But keep in mind that this is only a temporary fix; in the long run, the best strategy is for the reader to work on developing a larger and more sophisticated vocabulary.

The value of words ultimately lies in the fact that they can point toward specific thoughts and ideas. Think of words as the vehicles designed to carry a variety of meanings from one person’s mind to that of another. Meanings reside inside the minds of persons who write or speak particular words for the purpose of making other persons aware of these meanings. Language, however, is ambiguous by nature, since most words can carry several meanings and the same meaning can be associated with many different words. Put differently, a single word can serve as a vehicle for a variety of ideas just as a single idea can be conveyed by a variety of words.

The goal of reading is to grasp an author’s intended meaning. What the reader should aim at catching is not the particular configuration of words that an author has produced, but the specific meanings that the author wants to transmit to the reader’s mind through those words.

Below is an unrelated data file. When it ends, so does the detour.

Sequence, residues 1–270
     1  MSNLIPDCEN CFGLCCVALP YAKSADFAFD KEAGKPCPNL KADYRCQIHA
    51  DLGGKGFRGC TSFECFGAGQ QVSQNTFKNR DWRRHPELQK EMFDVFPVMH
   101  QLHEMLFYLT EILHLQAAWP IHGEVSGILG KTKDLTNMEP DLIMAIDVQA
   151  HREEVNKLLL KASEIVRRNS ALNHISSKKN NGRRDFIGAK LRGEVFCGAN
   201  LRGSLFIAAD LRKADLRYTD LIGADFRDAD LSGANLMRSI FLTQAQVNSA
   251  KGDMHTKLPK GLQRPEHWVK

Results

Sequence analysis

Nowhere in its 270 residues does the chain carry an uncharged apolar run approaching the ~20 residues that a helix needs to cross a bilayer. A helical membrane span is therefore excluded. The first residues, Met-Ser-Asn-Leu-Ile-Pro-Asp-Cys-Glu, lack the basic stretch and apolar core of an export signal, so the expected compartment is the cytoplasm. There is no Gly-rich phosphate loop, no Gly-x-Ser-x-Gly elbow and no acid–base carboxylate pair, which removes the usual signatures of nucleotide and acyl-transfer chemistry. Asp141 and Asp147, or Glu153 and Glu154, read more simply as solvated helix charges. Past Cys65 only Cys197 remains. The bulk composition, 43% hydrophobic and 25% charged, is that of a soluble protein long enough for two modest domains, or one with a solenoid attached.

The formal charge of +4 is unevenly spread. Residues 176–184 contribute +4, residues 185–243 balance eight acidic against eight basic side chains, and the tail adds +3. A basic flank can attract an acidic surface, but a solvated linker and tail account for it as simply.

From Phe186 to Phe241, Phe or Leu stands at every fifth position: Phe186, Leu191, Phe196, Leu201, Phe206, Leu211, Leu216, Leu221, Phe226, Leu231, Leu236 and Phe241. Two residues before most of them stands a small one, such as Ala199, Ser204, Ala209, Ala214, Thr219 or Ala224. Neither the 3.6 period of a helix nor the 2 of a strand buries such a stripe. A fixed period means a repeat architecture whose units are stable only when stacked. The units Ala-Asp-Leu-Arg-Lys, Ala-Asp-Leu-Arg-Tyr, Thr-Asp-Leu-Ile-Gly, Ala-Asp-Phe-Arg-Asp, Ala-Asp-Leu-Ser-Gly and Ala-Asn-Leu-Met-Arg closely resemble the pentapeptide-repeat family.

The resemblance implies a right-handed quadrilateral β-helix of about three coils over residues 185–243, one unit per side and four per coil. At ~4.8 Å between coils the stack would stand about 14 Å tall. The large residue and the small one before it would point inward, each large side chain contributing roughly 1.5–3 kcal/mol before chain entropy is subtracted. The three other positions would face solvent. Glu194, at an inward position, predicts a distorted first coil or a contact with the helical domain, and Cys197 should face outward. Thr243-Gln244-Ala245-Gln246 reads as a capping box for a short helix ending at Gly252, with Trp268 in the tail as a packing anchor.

In order to accomplish this, the reader must pay special attention to another category of words, i.e., words that are most important from the author’s viewpoint. An author uses most words just as people ordinarily do in conversation, with a range of meanings, and trusting the context to indicate the shifts. At the same time, every author uses certain keywords to indicate very specific meanings, thereby turning these words into terms. A term is a word used unambiguously. While word is a grammatical component, term is a component of thought—an important and precise idea for which a keyword serves as the vehicle.

When a writer and a reader somehow manage for a time to use a given word with one and only one meaning, then, during that time of unambiguous use, successful communication can be said to have taken place. Ideally, this means that a particular keyword generates exactly the same thought or meaning in the reader’s mind as it does in the author’s mind.